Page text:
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Are you traveling in an RV and are worried if your RV outlets can work on battery alone? And if it does, how many batteries do you need? So…do RV electrical outlets work on batteries?
In general, some, if not all, RV electrical outlets will work on battery. There are 2 separate electrical systems in an RV, one for direct current (battery) and alternating current (AC power). All outlets that are connected DC system will work on battery.
You can either use one 12-volt battery or two 6-volt batteries which will be connected to your RV’s 12-volt direct current (DC) system.
Now that almost everything is reliant on electricity, knowing the basics about your RV’s power system is important for you to enjoy your trip without the worry that your RV’s outlets might not work.
Did you know there are really 3 different electrical systems in an RV? For an in-depth explanation of the RV electrical system read our article explaining the basics of the RV electrical system.
Generally, your RV has three electrical sources to give its needed electric power and it is important to know these three to better understand how your RV’s electric system works.
Electrical Sources in an RV
- Engine Chassis Battery
The engine chassis battery powers the electrical system of the automotive parts systems in a motorhome. The chassis battery provides the power to start the engine and power the dome light. You know the one that kills the battery when you leave a door open..
Your engine chassis battery is what makes your vehicle work. It is also referred to as your 12-volt DC automotive system and is integrated with your rig if you have a motorhome. (With a travel trailer it is found under the hood of the tow vehicle). It controls the vehicle’s dash accessories, lights, and the like.
- Campground (or Shore) Power
Campgrounds usually provide an external 120-volt alternating current (AC) electric source. Also called shore power where you can plug your RV into and give power to it. This is the same as your outlets in your house but the amperage is higher.
- RV Battery Power
RVs have separate battery-powered systems. A battery runs on a chemical reaction that produces direct current. As in the electrons continuously flow in the same direction. A built-in inverter changes the current from DC to SC (alternating current) to power the outlets.
Any outlets that are wired on the system will work with the battery. And you can charge your electronics.
If your campground doesn’t provide external power, or when your RV is moving, your outlets will be powered by your battery. This is why you should remember to check your batteries before going on an RV trip.
How to Charge RV Battery
Your RV batteries can be charged with any electrical production. For example, these sources can charge the battery:
- shore or campground plug in
- vehicle alternator
- solar power
Technically, your RV’s battery usually gets charged through the use of a converter. The converter’s job is to take AC power and convert it to DC power that is then stored on the battery.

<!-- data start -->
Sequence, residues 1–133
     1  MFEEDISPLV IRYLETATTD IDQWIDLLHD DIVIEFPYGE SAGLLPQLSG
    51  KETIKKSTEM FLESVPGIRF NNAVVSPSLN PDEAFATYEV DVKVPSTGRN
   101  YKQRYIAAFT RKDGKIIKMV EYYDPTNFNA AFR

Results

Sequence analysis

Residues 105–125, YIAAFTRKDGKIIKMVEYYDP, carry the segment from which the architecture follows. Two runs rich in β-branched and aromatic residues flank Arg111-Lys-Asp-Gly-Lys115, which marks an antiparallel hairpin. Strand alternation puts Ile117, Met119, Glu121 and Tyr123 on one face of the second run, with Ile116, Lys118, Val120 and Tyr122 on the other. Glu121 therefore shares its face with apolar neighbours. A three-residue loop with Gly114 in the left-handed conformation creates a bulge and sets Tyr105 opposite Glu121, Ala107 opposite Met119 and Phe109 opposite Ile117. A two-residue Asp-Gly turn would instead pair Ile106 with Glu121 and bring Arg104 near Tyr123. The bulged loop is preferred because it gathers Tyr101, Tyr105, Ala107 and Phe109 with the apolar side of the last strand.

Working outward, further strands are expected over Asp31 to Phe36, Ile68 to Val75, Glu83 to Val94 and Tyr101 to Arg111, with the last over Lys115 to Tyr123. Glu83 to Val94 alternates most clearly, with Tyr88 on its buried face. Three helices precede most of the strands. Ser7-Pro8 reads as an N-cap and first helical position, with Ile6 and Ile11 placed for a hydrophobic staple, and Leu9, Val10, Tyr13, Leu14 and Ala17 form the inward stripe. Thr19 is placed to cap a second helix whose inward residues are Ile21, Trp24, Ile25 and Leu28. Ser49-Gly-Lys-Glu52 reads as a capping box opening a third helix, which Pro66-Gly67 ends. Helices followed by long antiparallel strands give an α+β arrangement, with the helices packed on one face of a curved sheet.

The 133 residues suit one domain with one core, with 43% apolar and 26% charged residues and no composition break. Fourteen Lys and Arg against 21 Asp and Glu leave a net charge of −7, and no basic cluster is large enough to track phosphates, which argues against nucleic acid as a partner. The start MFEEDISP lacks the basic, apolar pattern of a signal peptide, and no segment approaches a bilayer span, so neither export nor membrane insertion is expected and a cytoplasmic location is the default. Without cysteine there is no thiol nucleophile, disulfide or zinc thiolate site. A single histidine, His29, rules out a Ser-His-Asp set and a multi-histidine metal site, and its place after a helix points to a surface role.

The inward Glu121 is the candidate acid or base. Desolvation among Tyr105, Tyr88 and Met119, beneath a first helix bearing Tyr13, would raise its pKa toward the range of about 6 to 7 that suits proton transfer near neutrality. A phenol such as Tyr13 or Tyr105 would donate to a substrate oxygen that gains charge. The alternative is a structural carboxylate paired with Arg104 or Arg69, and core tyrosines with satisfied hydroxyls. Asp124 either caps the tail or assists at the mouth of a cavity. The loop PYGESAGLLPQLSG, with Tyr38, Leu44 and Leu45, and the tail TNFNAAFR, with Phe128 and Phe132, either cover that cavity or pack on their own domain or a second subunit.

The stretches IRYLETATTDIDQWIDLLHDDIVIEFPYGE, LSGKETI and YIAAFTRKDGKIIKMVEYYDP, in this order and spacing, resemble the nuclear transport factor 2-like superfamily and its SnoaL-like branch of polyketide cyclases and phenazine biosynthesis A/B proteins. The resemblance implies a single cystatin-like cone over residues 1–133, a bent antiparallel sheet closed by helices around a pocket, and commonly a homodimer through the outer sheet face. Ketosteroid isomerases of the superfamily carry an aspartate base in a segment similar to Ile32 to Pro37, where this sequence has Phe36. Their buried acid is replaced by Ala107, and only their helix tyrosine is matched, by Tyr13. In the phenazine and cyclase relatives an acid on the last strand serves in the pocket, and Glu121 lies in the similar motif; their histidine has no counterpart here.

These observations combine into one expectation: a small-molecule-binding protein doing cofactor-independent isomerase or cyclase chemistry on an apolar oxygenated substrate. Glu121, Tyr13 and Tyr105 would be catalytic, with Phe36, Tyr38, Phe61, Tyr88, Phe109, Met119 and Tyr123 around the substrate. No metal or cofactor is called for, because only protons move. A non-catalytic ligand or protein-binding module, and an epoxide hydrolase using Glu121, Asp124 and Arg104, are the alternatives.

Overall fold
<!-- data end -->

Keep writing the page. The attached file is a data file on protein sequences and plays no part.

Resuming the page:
Your RV battery is charged whenever your motorhome running or when it is plugged into an external electrical source. Just like how you charge your mobile devices’ batteries, it has to be connected to an external source.
When your RV is connected to shore power in a campground or wherever you are at, you will be able to run your appliances connected to your outlets and charge your battery automatically at the same time.
Another choice is to use a generator. Your RV will be connected to the generator the way it is connected to shore power. And like shore power, using a generator can power your appliances and charge your battery at the same time.
Note: unless you have an older RV or for some reason, the battery is not connected to the electrical system. In my travel trailer, I had to plug in a trickle charger and run it to the outside to hook up the batter.
If you do not have any of the previously mentioned sources available, using a vehicle’s alternator is another option. The alternator works by converting mechanical energy into electric energy that is generated when the engine starts. This is why if the battery is connected to the vehicle it will charge while you are driving.
Another option can be through the use of solar power. You can store solar energy whenever you’re moving or just parked on the campground as long as there’s a solar power source.
What To Do When Your RV Outlets Are Not Working
If your outlet is not working, the first thing you should check is your source. Check if you are connected to an external source or if you’re connected to a battery, check if your battery is charged.
If you are and the outlet is still not working, you can check the outlet itself. Some outlets have ground-fault circuit interrupters (GFCI) which are very sensitive. GFCI outlets have a black button that will restore your outlet when you press it.
You can also check your circuit breakers if any of them are turned off, preventing the current from flowing into a certain line.
Lastly, you can check if you have too many appliances plugged in at the same time. Sometimes, having too many appliances plugged at the same time may cause you to think that the outlet is not working.